Australian mothers are being advised for the first time to breastfeed their babies to help prevent sudden infant death syndrome, after experts found it could more than halve the risk of death.
Updated safe sleeping guidelines now recommend women "breastfeed baby if you can", after SIDS and Kids said it was clear breastfeeding reduced the chances of a baby dying unexpectedly.
Until now, the health advocacy group had not made a firm recommendation because of conflicting research findings about SIDS and breastfeeding.
But a US review published in the journal Pediatrics last year found breastfed babies were about 60 per cent less likely to die from SIDS than those not given breast milk.
Researchers said possible reasons included breastfed infants being more easily aroused from sleep than formula-fed babies and breastfeeding providing antibodies that protected infants from infection during the period they were most at risk of SIDS.
Now an Australian review has had similar findings.
Queensland-based author of the review and safe sleeping expert, Adjunct Professor Jeanine Young, said consistent findings of studies over the past 15 years showed that along with maternal and infant health benefits, breastfeeding helped reduce the risk of SIDS.
"We have now reached a point where conclusive evidence from numerous studies demonstrates breast milk can reduce sudden and unexpected death in infancy," she said.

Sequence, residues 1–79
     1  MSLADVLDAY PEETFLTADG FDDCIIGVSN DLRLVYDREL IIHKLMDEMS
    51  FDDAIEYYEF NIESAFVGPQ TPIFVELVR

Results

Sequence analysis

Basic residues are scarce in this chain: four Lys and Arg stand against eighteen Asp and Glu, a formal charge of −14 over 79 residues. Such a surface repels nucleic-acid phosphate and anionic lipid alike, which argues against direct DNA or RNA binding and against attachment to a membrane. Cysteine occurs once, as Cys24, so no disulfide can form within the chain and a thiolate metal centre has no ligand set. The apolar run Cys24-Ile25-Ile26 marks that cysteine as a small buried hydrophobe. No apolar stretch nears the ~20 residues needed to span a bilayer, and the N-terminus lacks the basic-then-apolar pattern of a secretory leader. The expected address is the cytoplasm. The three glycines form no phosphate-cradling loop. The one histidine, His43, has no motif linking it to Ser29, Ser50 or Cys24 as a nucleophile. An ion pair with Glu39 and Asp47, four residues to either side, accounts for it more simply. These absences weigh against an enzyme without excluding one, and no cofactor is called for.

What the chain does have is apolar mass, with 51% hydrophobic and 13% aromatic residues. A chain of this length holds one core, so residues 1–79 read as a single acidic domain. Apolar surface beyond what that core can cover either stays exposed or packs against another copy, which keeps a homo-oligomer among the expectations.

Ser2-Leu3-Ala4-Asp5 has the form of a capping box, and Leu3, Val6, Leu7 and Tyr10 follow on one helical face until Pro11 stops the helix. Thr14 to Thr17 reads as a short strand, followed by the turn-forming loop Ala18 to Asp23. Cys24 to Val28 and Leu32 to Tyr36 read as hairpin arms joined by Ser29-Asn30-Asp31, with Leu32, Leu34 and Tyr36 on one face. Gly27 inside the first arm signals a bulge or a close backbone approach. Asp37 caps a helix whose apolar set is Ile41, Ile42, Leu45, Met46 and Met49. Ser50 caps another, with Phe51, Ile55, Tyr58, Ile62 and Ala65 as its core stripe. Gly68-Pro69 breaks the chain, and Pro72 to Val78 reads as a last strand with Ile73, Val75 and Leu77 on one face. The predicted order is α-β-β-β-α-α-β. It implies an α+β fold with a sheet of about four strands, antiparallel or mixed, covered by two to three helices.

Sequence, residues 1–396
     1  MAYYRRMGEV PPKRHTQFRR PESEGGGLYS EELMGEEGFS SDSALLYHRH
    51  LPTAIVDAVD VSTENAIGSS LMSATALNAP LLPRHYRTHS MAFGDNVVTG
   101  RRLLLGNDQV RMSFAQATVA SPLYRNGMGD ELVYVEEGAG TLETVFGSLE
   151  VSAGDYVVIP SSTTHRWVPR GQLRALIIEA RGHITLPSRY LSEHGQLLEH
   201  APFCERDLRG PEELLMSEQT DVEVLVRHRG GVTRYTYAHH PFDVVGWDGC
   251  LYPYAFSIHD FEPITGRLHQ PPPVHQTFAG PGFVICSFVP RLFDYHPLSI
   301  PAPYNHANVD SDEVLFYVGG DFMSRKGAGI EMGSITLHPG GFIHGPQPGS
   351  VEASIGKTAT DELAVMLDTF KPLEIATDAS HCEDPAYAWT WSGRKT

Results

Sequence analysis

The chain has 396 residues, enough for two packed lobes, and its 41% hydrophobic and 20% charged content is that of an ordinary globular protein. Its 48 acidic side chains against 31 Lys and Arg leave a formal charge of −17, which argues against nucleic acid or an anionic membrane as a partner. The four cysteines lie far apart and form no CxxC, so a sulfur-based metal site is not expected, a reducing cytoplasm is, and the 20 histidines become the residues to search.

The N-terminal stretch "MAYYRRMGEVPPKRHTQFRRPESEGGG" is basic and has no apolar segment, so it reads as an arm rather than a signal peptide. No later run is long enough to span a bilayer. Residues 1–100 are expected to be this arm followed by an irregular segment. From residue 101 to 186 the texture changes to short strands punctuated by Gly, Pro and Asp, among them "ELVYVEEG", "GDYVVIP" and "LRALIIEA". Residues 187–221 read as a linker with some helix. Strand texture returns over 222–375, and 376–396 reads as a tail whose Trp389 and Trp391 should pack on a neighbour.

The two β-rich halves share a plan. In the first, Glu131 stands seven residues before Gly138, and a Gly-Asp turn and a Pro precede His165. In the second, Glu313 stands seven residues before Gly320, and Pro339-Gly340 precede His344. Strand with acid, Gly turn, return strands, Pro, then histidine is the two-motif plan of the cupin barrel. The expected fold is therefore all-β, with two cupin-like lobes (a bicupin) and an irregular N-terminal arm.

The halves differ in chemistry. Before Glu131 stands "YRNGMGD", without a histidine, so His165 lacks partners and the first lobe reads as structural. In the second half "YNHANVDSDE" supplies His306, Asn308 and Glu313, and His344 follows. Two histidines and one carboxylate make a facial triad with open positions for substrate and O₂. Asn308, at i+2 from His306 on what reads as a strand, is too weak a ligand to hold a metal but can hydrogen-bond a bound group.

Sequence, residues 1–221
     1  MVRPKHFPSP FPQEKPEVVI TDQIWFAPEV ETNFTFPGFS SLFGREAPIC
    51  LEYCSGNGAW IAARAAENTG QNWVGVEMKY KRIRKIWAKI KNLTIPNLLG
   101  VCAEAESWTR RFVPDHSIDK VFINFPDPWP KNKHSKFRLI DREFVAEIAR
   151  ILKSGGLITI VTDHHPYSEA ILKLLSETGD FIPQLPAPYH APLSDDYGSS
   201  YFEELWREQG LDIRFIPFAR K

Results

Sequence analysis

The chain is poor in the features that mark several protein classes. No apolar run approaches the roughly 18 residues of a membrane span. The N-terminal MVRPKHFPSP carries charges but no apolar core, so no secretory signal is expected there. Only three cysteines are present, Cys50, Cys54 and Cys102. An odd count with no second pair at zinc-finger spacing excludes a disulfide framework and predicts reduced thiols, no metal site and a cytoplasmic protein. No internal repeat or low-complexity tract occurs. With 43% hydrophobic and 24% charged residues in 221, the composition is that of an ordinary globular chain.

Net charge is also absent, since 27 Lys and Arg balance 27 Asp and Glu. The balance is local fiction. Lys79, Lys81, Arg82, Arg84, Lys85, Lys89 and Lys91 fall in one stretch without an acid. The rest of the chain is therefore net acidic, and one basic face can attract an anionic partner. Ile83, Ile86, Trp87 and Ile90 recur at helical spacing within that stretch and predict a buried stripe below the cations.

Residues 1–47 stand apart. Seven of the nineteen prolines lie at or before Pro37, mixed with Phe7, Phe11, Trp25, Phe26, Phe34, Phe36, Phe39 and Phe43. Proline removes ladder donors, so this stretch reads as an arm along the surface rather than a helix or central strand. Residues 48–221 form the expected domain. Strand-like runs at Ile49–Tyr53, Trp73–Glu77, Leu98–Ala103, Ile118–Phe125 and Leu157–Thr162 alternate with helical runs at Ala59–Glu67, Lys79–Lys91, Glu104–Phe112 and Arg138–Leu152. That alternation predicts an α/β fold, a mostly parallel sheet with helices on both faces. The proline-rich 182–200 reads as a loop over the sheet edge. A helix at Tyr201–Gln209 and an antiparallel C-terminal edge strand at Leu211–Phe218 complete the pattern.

"An analysis of the results of 18 studies show the risk of sudden and unexpected infant death is significantly reduced for mothers who exclusively breastfeed and for a longer duration of breastfeeding."
Though the link with breastfeeding was now confirmed, Professor Young said it was one of six key recommendations.
"Other contributing factors, like not smoking near babies and sleeping babies on their back, are equally important ways to significantly reduce the risk," she said.
SIDS and Kids chief executive Leanne Raven said it was important that parents had the latest information to help them care for their babies.
The revised guidelines have been announced ahead of the 25th anniversary of Red Nose Day, the flagship fundraiser for SIDS and Kids, on June 29.
Eighty-one Australian babies died of SIDS in 2010, including two in WA.
Almost 4000 Australian babies died of SIDS between 1989 and 2010.